The Vancouver Art Gallery is exhibiting 40 works of art in the world’s biggest exhibition of Emily Carr paintings.
The exhibit will feature paintings of West Coast forests, a subject that Carr is renowned for.
“We are fortunate to have so many significant pieces from throughout Emily Carr’s career, but our permanent collection is particularly rich in her forest paintings from the 1930s,” said the Gallery’s Director Kathleen S. Bartels. “It is crucial to put these works under the spotlight. Emily Carr re-shaped how the coastal forest landscape was perceived in British Columbia with her artistic vision which was profoundly radical at that time.”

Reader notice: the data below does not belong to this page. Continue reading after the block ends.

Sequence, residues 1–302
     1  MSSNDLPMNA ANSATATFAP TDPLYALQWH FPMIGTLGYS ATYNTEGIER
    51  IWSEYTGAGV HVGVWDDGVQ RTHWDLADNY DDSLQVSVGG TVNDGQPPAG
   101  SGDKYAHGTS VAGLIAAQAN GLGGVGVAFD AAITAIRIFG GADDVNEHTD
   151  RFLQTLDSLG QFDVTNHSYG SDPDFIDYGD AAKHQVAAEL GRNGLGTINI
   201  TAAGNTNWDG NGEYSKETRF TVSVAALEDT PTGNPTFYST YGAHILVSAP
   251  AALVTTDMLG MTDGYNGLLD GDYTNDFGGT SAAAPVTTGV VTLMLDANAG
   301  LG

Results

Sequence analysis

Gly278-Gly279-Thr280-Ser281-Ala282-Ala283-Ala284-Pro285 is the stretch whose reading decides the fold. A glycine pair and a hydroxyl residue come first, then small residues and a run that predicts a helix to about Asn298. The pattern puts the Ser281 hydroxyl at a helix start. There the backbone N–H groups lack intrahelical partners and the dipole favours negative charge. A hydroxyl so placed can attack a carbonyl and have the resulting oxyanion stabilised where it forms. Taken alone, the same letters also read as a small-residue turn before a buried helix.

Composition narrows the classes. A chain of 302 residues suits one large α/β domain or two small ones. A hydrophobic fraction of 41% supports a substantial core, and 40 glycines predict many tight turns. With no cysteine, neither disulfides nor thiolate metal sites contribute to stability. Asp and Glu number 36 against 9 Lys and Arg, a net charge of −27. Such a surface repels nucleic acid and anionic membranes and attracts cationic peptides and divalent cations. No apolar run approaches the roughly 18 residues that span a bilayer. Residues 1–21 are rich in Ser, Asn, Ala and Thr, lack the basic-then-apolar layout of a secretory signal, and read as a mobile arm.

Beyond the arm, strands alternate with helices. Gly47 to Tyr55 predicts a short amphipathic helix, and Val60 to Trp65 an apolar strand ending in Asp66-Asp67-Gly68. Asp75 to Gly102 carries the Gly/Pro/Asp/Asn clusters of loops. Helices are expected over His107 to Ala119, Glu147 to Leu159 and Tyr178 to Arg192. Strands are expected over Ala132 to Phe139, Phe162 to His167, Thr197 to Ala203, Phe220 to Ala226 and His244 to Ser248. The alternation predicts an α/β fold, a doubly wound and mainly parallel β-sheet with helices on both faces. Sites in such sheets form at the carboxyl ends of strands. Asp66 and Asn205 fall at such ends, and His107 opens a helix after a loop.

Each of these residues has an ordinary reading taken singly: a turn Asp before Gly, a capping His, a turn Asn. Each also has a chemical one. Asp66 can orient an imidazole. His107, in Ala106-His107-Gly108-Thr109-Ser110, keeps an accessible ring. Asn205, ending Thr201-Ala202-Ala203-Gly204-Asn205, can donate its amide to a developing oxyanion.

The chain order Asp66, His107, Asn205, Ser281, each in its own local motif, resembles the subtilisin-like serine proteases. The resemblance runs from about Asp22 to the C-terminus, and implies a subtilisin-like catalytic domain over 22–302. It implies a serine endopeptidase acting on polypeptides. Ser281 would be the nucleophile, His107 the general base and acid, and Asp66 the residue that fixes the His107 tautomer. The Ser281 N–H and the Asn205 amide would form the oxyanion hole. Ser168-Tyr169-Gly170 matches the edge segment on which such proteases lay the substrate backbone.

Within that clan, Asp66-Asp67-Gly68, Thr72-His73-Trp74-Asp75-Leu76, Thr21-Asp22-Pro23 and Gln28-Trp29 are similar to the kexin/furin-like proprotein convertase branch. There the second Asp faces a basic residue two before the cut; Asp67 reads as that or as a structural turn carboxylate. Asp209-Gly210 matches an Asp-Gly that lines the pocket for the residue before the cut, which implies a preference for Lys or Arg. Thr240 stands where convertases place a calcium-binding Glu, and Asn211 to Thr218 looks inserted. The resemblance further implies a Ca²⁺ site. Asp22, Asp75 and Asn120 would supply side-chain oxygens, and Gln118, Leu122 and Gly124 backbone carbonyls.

In a passage from her 1934 journal, Carr wrote:
“What do these forests make you feel? Their weight and density, their crowded orderliness. There is scarcely room for another tree and yet there is space around each. They are profoundly solemn yet upliftingly joyous. You can find everything in them that you look for, showing how absolutely full of truth, how full of reality the juice and essence of life are in them. They teem with life, growth, expansion…”
Carr was born in Victoria in 1871 and trained in San Francisco, London and France.